1. Ecology
  2. Microbiology and Infectious Disease
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A diverse host thrombospondin-type-1 repeat protein repertoire promotes symbiont colonization during establishment of cnidarian-dinoflagellate symbiosis

  1. Emilie-Fleur Neubaeur
  2. Angela Z Poole
  3. Philipp Neubauer
  4. Olivier Detournay
  5. Kenneth Tan
  6. Simon K Davy  Is a corresponding author
  7. Virginia M Weis  Is a corresponding author
  1. Victoria University of Wellington, New Zealand
  2. Western Oregon University, United States
  3. Dragonfly Data Science, New Zealand
  4. Planktovie sas, France
  5. Oregon State University, United States
Research Article
  • Cited 14
  • Views 1,297
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Cite this article as: eLife 2017;6:e24494 doi: 10.7554/eLife.24494

Abstract

The mutualistic endosymbiosis between cnidarians and dinoflagellates is mediated by complex inter-partner signaling events, where the host cnidarian innate immune system plays a crucial role in recognition and regulation of symbionts. To date, little is known about the diversity of thrombospondin-type-1 repeat (TSR) domain proteins in basal metazoans and or their potential role in regulation of cnidarian-dinoflagellate mutualisms. We reveal a large and diverse repertoire of TSR proteins in seven anthozoan species, and show that in the model sea anemone Aiptasia pallida the TSR domain promotes colonization of the host by the symbiotic dinoflagellate Symbiodinium minutum. Blocking TSR domains led to decreased colonization success, while adding exogenous TSRs resulted in a 'super colonization'. Furthermore, gene expression of TSR proteins was highest at early time-points during symbiosis establishment. Our work characterizes the diversity of cnidarian TSR proteins and provides evidence that these proteins play an important role in the establishment of cnidarian-dinoflagellate symbiosis.

Article and author information

Author details

  1. Emilie-Fleur Neubaeur

    School of Biological Sciences, Victoria University of Wellington, Wellington, New Zealand
    Competing interests
    The authors declare that no competing interests exist.
  2. Angela Z Poole

    Department of Biology, Western Oregon University, Monmouth, United States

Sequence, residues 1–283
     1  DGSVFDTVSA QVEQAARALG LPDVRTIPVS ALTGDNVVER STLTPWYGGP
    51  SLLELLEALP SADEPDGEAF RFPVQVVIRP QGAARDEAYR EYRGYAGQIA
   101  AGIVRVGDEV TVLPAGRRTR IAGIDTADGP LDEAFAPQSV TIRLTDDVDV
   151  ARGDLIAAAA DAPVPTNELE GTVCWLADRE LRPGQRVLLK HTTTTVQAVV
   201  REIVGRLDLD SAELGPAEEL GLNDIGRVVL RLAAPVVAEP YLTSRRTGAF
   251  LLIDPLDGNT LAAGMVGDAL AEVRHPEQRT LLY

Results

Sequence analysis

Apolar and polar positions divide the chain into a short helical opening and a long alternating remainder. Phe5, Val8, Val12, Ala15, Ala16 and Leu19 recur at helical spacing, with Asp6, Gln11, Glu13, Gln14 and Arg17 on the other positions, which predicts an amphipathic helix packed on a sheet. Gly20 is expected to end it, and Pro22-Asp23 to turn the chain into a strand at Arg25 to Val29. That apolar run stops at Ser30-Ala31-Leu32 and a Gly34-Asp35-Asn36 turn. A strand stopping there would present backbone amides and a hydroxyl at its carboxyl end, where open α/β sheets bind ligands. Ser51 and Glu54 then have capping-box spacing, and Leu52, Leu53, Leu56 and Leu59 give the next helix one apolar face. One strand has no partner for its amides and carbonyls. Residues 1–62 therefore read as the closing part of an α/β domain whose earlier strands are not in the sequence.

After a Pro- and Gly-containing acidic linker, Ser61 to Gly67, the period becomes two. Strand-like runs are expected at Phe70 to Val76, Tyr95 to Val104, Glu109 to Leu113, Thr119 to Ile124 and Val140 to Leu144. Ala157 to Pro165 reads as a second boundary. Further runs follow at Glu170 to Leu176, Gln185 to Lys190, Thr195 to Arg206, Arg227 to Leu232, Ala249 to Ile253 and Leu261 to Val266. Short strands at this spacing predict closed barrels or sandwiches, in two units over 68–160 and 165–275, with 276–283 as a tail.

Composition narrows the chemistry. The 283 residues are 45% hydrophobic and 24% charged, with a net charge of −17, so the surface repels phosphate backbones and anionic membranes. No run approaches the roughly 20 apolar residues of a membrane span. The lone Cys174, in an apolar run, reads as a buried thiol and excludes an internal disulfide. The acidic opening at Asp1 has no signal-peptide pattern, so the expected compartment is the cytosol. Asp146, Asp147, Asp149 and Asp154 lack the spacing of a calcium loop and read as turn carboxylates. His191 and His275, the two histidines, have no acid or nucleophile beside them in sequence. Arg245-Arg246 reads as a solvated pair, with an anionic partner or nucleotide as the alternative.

Competing interests
    The authors declare that no competing interests exist.
  3. Philipp Neubauer

    Dragonfly Data Science, Wellington, New Zealand
    Competing interests
    The authors declare that no competing interests exist.
    ORCID icon "This ORCID iD identifies the author of this article:" 0000-0002-4150-848X
  4. Olivier Detournay

    Planktovie sas, Allauch, France
    Competing interests
    The authors declare that no competing interests exist.
  5. Kenneth Tan

    Department of Integrative Biology, Oregon State University, Corvallis, United States
    Competing interests
    The authors declare that no competing interests exist.
  6. Simon K Davy

    School of Biological Sciences, Victoria University of Wellington, Wellington, New Zealand
    For correspondence
    Simon.Davy@vuw.ac.nz
    Competing interests
    The authors declare that no competing interests exist.
  7. Virginia M Weis

    Department of Integrative Biology, Oregon State University, Corvallis, United States
    For correspondence
    weisv@oregonstate.edu
    Competing interests
    The authors declare that no competing interests exist.
    ORCID icon "This ORCID iD identifies the author of this article:" 0000-0002-1826-2848

Funding

National Science Foundation (IOB0919073)

  • Virginia M Weis

Victoria University of Wellington

  • Emilie-Fleur Neubaeur

Oregon State University

  • Kenneth Tan

The funders had no role in study design, data collection and interpretation, or the decision to submit the work for publication.

Reviewing Editor

  1. Paul G Falkowski, Rutgers University, United States

Publication history

  1. Received: December 21, 2016
  2. Accepted: April 29, 2017
  3. Accepted Manuscript published: May 8, 2017 (version 1)
  4. Accepted Manuscript updated: May 9, 2017 (version 2)
  5. Version of Record published: May 26, 2017 (version 3)

Copyright

© 2017, Neubaeur et al.

This article is distributed under the terms of the Creative Commons Attribution License permitting unrestricted use and redistribution provided that the original author and source are credited.

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